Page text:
Huzzahs for the MCA!

The sleek and chic Museum of Contemporary Art/Denver (1485 Delgany Street, 303-298-7554,, designed by African-born British architect David Adjaye, has won a lot of praise around here for its high style and its incredible functionality and flexibility. Now it’s starting to win awards in Adjaye’s hometown of London as well. On June 27, at the annual dinner of the Royal Institute of Architects, Adjaye will receive the RIBA International Award for design excellence in a building done outside of Great Britain. This is not Adjaye’s first RIBA prize; he has previously won for his Idea Stores, which are branch libraries, and for Rivington Place in London.

Regarding the MCA building, the RIBA jury statement reads in part: “The commission – Adjaye's first in the United States – was to design a building that was a) environmentally efficient; b) fiscally responsible (i.e. one that would come in within the tight $16.3 million budget – it did; and c) and most intriguingly, one that supports rather than defines the museum's mission. Here, clearly, is a client who is not star-struck, for all the international eminence of the architect. Maybe too many arts clients are just that, meaning that the resulting buildings are better billboards than galleries, better at advertising themselves than showing off the art inside…There is a tough materiality to these white and black cubist spaces and timber soffits that can only enhance the art. And rather than adopting a one-size fits all approach, rooms are tailored volumetrically for different media. But it is in the acceptance of light – strong mid-western light at that – that the gallery differs from most.”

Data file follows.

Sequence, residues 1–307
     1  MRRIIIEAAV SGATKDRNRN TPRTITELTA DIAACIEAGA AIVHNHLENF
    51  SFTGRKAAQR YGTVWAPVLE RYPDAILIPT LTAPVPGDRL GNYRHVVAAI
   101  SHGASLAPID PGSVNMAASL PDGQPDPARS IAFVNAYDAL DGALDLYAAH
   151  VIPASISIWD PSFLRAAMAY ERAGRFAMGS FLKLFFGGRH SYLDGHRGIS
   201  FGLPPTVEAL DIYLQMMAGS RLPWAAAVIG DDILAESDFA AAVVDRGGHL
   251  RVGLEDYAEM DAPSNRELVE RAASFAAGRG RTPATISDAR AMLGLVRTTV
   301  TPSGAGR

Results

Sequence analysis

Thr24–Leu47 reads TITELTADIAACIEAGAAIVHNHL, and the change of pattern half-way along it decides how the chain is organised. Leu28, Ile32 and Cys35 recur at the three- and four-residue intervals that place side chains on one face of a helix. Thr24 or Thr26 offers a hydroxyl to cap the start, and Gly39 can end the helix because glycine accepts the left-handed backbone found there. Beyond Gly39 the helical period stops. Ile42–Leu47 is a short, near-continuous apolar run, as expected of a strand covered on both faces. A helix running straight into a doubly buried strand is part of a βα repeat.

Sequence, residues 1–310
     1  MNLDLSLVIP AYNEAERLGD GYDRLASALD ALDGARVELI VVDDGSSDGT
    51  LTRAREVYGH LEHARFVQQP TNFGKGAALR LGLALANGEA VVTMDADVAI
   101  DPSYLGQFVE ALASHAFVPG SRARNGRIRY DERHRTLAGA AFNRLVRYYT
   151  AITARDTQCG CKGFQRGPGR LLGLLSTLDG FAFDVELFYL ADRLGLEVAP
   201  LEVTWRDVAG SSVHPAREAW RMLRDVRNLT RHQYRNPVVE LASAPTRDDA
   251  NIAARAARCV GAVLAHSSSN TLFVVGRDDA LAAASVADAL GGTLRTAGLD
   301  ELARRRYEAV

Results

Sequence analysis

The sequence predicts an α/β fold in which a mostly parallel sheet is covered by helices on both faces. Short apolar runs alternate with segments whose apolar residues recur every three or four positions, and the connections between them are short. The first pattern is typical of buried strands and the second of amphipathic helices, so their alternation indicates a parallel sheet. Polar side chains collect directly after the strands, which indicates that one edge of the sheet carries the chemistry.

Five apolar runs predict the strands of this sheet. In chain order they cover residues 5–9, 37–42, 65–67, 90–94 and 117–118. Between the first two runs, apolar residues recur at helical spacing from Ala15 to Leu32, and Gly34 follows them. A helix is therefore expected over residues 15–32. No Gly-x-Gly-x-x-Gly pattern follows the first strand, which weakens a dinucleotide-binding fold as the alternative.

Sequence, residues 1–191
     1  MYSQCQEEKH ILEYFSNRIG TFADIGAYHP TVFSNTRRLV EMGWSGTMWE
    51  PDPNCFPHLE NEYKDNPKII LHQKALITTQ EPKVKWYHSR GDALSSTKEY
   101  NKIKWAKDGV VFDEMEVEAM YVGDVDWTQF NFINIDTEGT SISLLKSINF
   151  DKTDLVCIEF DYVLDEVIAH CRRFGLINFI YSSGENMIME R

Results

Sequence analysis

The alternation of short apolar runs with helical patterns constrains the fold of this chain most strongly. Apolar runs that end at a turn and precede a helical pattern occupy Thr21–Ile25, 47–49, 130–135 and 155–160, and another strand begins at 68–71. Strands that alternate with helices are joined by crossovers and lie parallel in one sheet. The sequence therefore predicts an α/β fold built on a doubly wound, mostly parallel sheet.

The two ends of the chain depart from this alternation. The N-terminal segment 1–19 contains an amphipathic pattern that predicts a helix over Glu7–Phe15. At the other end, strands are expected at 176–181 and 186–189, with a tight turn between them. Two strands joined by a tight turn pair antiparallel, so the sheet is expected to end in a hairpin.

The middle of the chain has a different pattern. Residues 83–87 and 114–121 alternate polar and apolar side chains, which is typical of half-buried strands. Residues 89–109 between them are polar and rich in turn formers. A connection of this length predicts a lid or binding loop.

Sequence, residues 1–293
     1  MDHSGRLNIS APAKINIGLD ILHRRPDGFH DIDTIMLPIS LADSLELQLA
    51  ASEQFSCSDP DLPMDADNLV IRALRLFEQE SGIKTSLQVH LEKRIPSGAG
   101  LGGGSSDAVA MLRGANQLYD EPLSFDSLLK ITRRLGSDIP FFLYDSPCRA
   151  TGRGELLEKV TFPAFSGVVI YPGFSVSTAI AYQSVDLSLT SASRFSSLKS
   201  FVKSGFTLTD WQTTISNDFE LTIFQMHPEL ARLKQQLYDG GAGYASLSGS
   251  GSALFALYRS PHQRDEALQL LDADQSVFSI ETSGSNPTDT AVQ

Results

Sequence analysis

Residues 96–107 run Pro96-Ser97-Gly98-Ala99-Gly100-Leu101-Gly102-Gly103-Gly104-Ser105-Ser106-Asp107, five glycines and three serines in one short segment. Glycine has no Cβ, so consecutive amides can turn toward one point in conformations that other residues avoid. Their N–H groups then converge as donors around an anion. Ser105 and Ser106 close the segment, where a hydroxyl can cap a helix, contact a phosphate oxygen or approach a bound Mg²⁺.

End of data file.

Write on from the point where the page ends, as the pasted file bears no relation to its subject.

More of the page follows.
Of course, there is a little confusion about U.S. geography -- after all the Midwest is typically more overcast than the west, where skies are not cloudy all day. Still, Denver didn’t need a bunch of professional aesthetes from overseas to tell us how good the MCA building is. But it sure is nice that they did. -- Michael Paglia

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Jonathan Shikes is a Denver native who writes about business and beer for Westword.
Contact: Jonathan Shikes